Eric Nadel was honored prior to Saturday’s game as he prepares to be inducted into the media wing of baseball’s Hall of Fame. The giveaway item for the evening were 15,000 Eric Nadel bobble head dolls. The game that followed was similar to the game two. The score was 5-2 instead of a romp.

Miles Mikolas (0-2) was the Ranger starting and losing pitcher. He did well early as the Rangers took a 2-1 lead into the sixth inning. The Rangers failed to support him defensively, and he seemingly ran out of gas, giving up four runs in the sixth, which he couldn’t finish. Jered Weaver (10-6) allowed both Ranger runs over seven innings. A pair of Angels’ relievers held Texas off the scoreboard over the final two innings to secure the win.

In Sunday’s finale, Scott Baker was the starting pitcher. He gave up five runs on nine hits in four innings and was tagged with his third loss. Four relievers followed with each giving up at least one run. 10-7 was the final score. The score was tied at four after three innings, but the Angels never trailed again after taking the lead in the fourth. Los Angeles consistently pounded Ranger pitching as they failed to score in just the first and seventh innings. Surprisingly on a very hot day, there were no home runs hit in the game.

Angels’ lefty Tyler Skaggs (5-5) was the winning pitcher, and Angels’ closer Joe Smith earned his 15th save with a perfect ninth inning. Smith has been terrific since taking over as the Angels’ closer. He has converted 15 of 16 save opportunities and has not allowed a hit in his last 10 appearances.

One continuing problem for the Rangers is their defense. They made at least one error in each of the four games with the Angels, and have committed an error in each of the last six games, a season high. They have the second lowest fielding percentage among the 30 Major League teams and have committed 69 errors, a pace of 118 for the season.

The Angels finish the first half having won five games in a row and 26 of their last 35 to put the heat on division leading Oakland. The A’s have the best record in baseball as they are 23 games over .500 at 59-36. That’s five more wins than any other division leader, yet they lead Los Angeles by just 1.5 games (one in the loss column), as the Angels have the second best record in baseball.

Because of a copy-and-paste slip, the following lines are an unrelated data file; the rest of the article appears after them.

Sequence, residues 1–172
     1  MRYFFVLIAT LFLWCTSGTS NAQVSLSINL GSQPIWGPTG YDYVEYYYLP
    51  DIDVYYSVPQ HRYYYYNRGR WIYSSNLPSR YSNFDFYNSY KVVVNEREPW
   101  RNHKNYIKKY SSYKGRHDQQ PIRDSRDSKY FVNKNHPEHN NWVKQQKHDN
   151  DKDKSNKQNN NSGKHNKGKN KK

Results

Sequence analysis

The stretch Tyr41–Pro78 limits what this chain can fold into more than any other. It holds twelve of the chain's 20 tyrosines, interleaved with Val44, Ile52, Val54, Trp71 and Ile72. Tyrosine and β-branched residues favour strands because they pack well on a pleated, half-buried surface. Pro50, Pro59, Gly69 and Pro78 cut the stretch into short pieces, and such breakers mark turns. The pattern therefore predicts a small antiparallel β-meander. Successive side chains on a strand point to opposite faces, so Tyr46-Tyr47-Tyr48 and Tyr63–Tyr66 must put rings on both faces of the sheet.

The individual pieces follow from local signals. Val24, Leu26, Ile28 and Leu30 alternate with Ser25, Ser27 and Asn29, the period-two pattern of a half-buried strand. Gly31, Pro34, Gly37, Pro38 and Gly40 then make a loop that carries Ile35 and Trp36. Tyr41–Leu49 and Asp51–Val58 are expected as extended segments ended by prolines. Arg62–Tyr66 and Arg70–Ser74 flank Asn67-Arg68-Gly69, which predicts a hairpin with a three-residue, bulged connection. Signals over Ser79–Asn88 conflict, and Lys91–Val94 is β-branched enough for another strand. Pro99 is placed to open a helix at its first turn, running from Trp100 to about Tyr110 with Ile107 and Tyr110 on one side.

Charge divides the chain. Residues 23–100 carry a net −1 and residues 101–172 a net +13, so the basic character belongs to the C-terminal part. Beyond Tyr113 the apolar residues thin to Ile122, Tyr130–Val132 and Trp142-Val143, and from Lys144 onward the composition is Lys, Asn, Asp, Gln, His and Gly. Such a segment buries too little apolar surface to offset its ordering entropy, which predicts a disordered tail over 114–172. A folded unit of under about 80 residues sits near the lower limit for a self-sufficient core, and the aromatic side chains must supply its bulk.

The Rangers, except Yu Darvish and Adrian Beltre take four days off for the All-Star break. Play resumes next Friday in Toronto. Darvish (8-5) will start the opening game of the series. The starters for the games next Saturday and Sunday have not been announced. The road trip continues to New York for four games with the Yankees next week before the Rangers return to Arlington.

INJURIES AND ROSTER MOVES: Texas sent Phil Irwin, the announced starting pitcher for the finale of the Angels series to Round Rock on Thursday and called up reliever Mark West, as the bullpen was decimated from the short starts in the Houston series. On Saturday, the Rangers optioned Aaron Poreda to Round Rock and called up left-hander Ryan Feierabend. Feierabend became the 50th player to appear for the Rangers this season, the most ever used by a Major League team before the All-Star break. Derek Holland was sent back to Arizona for more rehabilitation, though he is tentatively scheduled to make his first minor league rehab appearance on July 28 for Frisco. Outfielder Engel Beltre was recalled from his minor league rehab assignment and placed back on the disabled list. Jim Adduci is expected to start a minor league rehab assignment soon.

NOTABLE:

* Adrian Beltre’s hitting streak came to an end at 15 games when he went 0-3 in Saturday’s game. He still goes into the All-Star break with the league leading batting average at .337.

* Rookie outfielder Jake Smolenski has 10 hits in his first six games with the Rangers and is hitting .476. He also made two brilliant diving catches in Saturday’s game.